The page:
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      Abbreviated rules   07/28/2017

      Underdawg did an excellent job of explaining the rules.  Here's the simplified version: Don't insinuate Pedo.  Warning and or timeout for a first offense.  PermaFlick for any subsequent offenses Don't out members.  See above for penalties.  Caveat:  if you have ever used your own real name or personal information here on the forums since, like, ever - it doesn't count and you are fair game. If you see spam posts, report it to the mods.  We do not hang out in every thread 24/7 If you see any of the above, report it to the mods by hitting the Report button in the offending post.   We do not take action for foul language, off-subject content, or abusive behavior unless it escalates to persistent stalking.  There may be times that we might warn someone or flick someone for something particularly egregious.  There is no standard, we will know it when we see it.  If you continually report things that do not fall into rules #1 or 2 above, you may very well get a timeout yourself for annoying the Mods with repeated whining.  Use your best judgement. Warnings, timeouts, suspensions and flicks are arbitrary and capricious.  Deal with it.  Welcome to anarchy.   If you are a newbie, there are unwritten rules to adhere to.  They will be explained to you soon enough.  

Francis Vaughan

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Francis Vaughan last won the day on January 22

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About Francis Vaughan

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  1. VOR Leg 4 Melbourne to Honkers

    I'm not sure whether only the stern cam is on the crash cam button, or all of them are. There seems to be some conflicting information here. In principle, if all of them were part of the crash cam setup we would see the outriggers from the spreader cams - depending upon sail trim I would assume. The problem with "automatic" storage is that there needs to be some automatic way of deciding that the video needs preserving. Currently that is a human who has the presence of mind to hit the button. Storing all the video, especially at HD resolution is going to burn a lot of storage over a leg. So the usual solution is to have a circular buffer of storage - in this case it appears to be 8 minutes long. Once the crash cam button is hit the system continues to record for another 4 minutes then stops - and thus preserves the 4 minutes each side of the incident. I would assume that the OBR is needed to recover the stored video and then reset the system. This would imply that you only get one incident until reset, or maybe they have assumed that the 8 minute window is plenty, and hold multiple 8 minute snapshots. It isn't a brilliant setup, especially given more modern storage capability, but you want something well integrated and tested. So keeping the system from last time is easy to understand. A useful upgrade would need to open the recorded window significantly, and it isn't clear that there has been much call for that until now. Mostly it seems the expectation was that you would get video of wipeouts and equipment breakages. Much of this is supposition. It is a guess based upon inference from various descriptions. A circular buffer is how the "black box" recorders in planes operate. Older ones had a continuous loop of tape, modern ones emulate this with a solid state storage device. They just run the recorder all the time. Typically the recorder stops when there is nothing interesting left to record. Better understood as the plane has crashed. That is one of the issues with the loss of MH370, even if the recorders are found they will have almost certainly wiped out the important bits.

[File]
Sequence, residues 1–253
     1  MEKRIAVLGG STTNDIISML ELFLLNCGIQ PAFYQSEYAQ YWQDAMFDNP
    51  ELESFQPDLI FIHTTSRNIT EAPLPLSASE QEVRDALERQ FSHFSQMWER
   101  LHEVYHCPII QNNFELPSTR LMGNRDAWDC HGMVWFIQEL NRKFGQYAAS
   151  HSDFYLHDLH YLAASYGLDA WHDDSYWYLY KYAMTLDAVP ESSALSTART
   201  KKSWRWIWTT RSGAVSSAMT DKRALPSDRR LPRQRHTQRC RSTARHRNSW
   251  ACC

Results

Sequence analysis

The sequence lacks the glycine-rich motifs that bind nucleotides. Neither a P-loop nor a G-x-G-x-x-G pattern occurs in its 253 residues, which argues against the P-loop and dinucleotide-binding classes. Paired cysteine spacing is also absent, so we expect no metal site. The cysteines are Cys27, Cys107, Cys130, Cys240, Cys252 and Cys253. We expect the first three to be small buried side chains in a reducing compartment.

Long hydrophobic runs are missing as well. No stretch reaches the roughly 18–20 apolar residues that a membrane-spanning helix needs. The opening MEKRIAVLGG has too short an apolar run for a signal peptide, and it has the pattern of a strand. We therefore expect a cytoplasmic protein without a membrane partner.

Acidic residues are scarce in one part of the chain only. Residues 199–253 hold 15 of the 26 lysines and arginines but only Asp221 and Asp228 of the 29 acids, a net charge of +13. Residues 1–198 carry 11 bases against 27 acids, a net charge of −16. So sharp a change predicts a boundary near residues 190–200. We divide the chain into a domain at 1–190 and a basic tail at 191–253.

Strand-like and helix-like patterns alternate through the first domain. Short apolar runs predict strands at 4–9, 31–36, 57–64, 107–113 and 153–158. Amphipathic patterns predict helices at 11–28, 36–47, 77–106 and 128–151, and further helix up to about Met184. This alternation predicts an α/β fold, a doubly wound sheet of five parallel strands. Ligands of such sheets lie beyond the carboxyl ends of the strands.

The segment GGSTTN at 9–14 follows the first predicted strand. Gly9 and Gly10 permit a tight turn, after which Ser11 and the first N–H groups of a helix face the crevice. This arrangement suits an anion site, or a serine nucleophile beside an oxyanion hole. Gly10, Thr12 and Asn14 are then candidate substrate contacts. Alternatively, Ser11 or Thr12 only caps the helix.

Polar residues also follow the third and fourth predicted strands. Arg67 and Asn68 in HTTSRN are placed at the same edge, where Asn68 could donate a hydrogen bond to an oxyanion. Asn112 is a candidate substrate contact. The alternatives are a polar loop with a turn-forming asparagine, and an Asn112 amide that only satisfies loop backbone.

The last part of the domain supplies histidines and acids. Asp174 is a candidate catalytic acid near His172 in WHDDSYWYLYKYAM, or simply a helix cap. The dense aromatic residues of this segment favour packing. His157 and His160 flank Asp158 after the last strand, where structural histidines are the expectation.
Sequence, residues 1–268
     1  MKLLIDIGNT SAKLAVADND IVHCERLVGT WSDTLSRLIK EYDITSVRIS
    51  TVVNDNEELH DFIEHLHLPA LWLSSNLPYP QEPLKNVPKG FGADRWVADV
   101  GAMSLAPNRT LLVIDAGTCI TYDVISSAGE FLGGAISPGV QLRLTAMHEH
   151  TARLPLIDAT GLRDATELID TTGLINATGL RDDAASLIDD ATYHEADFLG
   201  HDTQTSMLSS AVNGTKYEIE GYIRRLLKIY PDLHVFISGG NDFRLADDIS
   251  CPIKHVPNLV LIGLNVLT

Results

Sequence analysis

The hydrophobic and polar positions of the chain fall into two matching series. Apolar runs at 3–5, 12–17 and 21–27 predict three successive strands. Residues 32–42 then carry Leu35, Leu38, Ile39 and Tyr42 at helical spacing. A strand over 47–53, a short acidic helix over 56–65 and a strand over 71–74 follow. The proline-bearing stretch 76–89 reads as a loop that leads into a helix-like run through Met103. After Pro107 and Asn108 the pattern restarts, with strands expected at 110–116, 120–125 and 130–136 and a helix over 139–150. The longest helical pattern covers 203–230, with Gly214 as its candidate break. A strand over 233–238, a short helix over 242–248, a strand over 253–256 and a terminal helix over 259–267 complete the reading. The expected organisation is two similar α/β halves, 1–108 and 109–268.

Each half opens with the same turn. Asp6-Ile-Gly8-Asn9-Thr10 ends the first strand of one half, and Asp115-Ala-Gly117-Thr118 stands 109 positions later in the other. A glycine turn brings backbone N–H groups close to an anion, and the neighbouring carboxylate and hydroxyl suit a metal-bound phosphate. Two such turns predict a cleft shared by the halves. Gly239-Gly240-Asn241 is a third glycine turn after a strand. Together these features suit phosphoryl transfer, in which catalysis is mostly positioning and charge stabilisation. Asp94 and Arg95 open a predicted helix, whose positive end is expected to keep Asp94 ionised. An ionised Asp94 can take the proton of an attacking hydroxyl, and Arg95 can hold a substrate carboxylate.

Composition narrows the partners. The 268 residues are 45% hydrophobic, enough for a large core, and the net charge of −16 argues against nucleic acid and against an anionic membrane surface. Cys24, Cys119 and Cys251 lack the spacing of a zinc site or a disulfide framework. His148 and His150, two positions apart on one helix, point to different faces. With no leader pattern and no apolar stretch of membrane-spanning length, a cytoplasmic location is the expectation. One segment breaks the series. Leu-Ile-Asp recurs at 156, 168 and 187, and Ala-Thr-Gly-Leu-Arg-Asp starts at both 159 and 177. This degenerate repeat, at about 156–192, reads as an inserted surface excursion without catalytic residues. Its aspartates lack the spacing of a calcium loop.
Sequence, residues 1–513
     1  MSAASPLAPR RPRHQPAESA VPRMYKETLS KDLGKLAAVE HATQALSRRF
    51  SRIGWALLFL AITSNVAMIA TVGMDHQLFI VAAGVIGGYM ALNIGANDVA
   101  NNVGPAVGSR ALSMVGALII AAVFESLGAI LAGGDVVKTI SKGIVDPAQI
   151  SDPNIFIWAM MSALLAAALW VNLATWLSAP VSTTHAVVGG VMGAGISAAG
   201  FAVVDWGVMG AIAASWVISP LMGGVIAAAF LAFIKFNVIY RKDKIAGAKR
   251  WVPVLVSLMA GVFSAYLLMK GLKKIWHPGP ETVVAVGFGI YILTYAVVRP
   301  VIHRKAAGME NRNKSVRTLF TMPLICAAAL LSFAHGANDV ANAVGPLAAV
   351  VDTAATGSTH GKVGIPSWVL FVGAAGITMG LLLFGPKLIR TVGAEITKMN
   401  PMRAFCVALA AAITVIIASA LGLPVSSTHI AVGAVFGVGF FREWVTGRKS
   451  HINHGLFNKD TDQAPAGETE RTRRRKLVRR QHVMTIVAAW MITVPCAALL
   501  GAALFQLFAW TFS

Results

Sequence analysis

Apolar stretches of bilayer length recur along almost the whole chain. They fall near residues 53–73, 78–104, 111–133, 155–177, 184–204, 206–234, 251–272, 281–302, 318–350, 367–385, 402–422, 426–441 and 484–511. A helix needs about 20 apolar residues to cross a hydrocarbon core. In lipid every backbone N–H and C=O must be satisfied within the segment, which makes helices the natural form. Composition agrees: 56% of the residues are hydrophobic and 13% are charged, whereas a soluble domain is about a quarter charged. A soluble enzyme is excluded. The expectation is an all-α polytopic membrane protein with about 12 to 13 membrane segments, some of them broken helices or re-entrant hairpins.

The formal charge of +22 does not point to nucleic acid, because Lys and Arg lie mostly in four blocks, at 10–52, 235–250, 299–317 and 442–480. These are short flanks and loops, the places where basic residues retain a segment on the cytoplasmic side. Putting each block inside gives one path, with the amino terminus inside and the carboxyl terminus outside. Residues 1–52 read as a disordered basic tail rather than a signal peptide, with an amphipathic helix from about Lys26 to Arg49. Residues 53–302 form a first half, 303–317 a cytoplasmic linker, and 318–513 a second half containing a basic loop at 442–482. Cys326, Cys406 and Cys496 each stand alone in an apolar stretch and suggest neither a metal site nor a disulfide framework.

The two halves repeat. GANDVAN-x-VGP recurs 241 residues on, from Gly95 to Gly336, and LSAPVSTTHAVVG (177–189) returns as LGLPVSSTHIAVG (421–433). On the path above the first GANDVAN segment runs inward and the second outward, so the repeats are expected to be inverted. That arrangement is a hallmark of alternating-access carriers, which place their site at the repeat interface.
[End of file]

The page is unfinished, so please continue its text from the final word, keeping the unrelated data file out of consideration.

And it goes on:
2. VOR Leg 4 Melbourne to Honkers

    To reiterate a point made quite a few times. Someone has to push the crash cam save button. No push button, no saved video. Skallywag had no crash cam footage of the MOB incident. Minds were more focussed on the job at hand than worrying about video for the media. I suspect that the last thing the driver was thinking about when they collided was "wow I must remember to ensure the media guys have video of this."
  3. VOR Leg 4 Melbourne to Honkers

    That really is an interesting question. They know exactly where it is. Whether they (where even who "they" are seems to be something of an open question) will recover it might be some hint as to the attitudes had to loss of life at sea, and the direction of any investigation. If criminal negligence was on the cards recovering the boat would seem to be a must. However I'm still thinking about this with an Oz viewpoint. Had this occurred in Oz waters to an Oz fishing boat, unless the boat was off the continental shelf, I can't believe the boat wouldn't be recovered. The boat appears to be in 50m of water. That isn't desperately difficult. Nor easy. No doubt recovery will cost vastly more than the boat is worth, but that isn't point for an accident investigation. Whether boats are ever recovered under similar circumstances is another matter. I have no clue, and would love to be enlightened.